A quick summary: Hofstadter wrote this huge tome called Godel, Escher, Bach about... um... recursive mathematical properties and their associated paradoxes (is that a good way to sum it up? it's a bit more complicated than that, especially with all the Bach canons thrown in). Then he wrote another huge tome called Le Ton Beau De Marot which is all about linguistics and translation (maybe if one says GEB is about the paradoxes of math, Marot could be about the paradoxes of language). Lately he wrote a much shorter book called I Am A Strange Loop which is about the paradox of thought itself (the part of us that wonders what the part that isn't thinking isn't thinking of).

The last book is by far the easiest to read, mainly because it deals with a lot of things that most people have probably pondered at some point in their lives (to wit: how does that mass of cells in my brain churn out thoughts?). In fact, as I read it, it seemed a little unfair that Hofstadter had taken the time to write out all of these ideas that I had, myself, already present in my own mass-of-cells brain. It was like he was stealing the inside of my mind and selling it.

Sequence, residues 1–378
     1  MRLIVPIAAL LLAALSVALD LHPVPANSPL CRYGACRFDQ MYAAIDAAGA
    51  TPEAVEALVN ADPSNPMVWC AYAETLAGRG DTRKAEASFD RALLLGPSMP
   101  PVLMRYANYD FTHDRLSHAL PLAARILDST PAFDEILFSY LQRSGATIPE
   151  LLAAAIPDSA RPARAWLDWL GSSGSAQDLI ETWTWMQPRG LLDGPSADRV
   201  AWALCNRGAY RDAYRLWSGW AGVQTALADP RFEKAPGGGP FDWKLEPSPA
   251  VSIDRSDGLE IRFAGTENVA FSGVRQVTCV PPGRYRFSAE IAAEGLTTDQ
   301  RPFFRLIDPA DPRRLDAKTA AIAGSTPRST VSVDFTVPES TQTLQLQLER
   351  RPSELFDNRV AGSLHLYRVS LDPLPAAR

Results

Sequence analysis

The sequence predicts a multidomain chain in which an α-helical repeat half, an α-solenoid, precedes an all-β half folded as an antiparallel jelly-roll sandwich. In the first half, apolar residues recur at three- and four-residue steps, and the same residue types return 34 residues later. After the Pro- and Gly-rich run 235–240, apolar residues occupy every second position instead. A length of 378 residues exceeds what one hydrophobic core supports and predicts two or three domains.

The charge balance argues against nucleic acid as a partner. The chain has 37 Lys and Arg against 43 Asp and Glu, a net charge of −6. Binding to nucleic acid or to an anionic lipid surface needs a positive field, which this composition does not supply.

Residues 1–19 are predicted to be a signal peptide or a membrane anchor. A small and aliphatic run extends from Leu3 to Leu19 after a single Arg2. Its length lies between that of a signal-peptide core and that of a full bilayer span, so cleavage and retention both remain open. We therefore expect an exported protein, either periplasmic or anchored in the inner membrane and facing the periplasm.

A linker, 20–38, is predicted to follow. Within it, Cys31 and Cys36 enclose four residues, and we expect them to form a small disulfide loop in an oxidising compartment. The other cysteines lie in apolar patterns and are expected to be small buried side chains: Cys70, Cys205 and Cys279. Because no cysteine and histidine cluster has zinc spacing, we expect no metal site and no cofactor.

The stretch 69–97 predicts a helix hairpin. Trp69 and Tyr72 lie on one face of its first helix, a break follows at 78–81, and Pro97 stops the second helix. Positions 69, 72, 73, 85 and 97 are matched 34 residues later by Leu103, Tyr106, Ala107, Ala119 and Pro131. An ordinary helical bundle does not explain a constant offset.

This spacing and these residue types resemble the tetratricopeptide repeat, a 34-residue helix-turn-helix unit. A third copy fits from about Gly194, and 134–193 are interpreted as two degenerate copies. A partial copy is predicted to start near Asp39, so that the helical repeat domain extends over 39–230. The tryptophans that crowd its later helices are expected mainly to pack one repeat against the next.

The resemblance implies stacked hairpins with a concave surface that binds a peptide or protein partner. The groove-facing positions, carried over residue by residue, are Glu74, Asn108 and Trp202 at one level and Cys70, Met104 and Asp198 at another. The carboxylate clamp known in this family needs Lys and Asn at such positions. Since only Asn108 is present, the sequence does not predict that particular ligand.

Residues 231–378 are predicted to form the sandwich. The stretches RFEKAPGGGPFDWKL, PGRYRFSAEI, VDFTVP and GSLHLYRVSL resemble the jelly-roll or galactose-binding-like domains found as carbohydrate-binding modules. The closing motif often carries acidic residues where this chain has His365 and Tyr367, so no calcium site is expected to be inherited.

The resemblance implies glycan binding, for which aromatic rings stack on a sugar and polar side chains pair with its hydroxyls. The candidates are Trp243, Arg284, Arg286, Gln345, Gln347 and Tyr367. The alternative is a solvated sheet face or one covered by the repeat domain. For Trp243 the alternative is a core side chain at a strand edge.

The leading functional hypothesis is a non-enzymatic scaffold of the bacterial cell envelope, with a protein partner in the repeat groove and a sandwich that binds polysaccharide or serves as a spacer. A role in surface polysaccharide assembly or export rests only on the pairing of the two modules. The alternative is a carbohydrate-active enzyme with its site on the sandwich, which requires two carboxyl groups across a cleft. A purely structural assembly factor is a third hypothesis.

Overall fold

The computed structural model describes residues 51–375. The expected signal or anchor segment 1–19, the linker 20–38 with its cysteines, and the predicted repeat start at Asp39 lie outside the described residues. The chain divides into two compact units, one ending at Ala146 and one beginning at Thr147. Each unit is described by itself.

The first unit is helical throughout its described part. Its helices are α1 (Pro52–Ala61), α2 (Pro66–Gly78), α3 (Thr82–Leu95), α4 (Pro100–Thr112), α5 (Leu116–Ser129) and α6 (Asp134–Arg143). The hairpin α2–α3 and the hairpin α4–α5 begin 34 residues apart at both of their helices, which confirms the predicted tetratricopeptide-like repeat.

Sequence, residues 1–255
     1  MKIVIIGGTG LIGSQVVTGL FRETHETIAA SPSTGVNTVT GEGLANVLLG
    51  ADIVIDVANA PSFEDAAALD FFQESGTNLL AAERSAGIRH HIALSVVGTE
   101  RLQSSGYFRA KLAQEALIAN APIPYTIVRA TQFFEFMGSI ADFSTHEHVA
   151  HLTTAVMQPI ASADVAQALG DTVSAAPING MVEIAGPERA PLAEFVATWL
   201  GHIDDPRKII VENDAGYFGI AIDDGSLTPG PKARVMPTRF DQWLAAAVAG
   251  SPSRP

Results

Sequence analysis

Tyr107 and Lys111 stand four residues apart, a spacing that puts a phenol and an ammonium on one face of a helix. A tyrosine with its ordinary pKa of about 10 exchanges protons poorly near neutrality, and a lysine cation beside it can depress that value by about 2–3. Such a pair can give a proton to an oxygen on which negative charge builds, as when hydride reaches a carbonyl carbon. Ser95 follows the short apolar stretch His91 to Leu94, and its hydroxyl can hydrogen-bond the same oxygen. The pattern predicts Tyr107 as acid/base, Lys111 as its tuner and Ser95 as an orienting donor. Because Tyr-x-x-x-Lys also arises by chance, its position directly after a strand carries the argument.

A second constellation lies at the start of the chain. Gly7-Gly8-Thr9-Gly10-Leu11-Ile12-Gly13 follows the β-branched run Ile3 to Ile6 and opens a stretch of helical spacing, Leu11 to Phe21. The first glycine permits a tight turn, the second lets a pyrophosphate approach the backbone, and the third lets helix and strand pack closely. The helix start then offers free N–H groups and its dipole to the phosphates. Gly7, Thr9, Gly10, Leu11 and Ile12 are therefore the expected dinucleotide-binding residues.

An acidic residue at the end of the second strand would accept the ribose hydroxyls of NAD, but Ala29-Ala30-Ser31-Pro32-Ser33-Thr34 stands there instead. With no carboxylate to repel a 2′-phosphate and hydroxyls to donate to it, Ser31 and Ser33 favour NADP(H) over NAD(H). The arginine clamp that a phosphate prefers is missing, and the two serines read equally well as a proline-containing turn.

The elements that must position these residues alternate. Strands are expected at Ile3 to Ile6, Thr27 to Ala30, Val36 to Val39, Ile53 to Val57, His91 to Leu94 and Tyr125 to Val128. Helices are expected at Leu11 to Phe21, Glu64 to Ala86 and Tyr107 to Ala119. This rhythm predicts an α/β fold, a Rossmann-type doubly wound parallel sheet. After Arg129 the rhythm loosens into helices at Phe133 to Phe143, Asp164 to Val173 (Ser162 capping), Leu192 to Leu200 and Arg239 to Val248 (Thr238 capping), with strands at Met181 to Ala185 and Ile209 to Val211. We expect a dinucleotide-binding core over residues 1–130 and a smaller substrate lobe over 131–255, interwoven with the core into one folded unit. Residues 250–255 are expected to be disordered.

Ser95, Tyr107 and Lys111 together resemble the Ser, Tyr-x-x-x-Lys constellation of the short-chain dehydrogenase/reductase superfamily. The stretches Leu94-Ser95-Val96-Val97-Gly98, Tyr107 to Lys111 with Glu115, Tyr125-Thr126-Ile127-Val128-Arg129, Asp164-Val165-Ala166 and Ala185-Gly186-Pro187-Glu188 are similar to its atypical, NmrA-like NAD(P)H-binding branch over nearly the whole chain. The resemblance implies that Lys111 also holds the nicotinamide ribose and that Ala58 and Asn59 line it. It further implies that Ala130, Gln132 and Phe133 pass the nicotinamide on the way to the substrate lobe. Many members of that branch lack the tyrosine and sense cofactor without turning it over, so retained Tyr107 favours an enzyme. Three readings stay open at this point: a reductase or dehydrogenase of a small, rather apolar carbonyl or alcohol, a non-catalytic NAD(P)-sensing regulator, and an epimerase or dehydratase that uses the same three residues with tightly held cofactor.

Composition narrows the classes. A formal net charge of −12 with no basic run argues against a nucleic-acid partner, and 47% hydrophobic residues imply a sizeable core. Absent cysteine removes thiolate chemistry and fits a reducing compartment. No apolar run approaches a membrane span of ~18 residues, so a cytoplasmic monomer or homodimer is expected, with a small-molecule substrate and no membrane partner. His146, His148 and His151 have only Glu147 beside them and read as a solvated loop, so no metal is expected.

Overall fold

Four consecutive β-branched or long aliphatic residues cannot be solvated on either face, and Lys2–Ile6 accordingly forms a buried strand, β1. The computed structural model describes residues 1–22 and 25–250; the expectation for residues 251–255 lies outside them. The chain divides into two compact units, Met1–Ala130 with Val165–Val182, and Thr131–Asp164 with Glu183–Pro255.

And then, deep within the recesses of this book that seemed to contain my own ideas in Hofstadter's writing, he happened to casually mention that he wrote the 900-page, Pulitzer Prize-winning GEB when he was twenty-seven years old.

That's the age I am now.

There are huge chunks of GEB which explore Zeno's Paradox (Achilles can never catch the tortoise because even in the time it takes for Achilles to reach the tortoise's point X, the tortoise will have moved incrementally forward to point Y, and by the time Achilles reaches point Y, the tortoise will have inched forward to point Z, etc.). Sometimes I look at my generation and think that we're in our own version of Zeno's Paradox; every time we approach the bar of adulthood, it has inched a few years down the road; and when we hit that age, we find the bar is still further away.

Hofstadter was 27 in 1979; he had been an assistant professor for two years already. No one gets to do that anymore. Some people would say that today's twenty-somethings aren't prepared for the job (Hofstadter wrote GEB, but my own peers turn out things like this). That's, of course, a causality loop as much as it is anything else, combined with the unfortunate fact that few people now get the careful, one-on-one mentoring that Hofstadter got as a student.

(For all of education's current emphasis on group learning and group work, and for all of the internet's development of the hive mind, it is interesting to read biographies and notice that most people who are notable enough to have biographies trace their work back to a lengthy period of one-on-one mentoring. Just sayin' is all.)

But I suppose there's another side to all this Zeno Paradoxing: if thirty is the new twenty, as it were, then I have another ten years to create my seminal work. That tortoise is still just a bit ahead of me. I had better start running.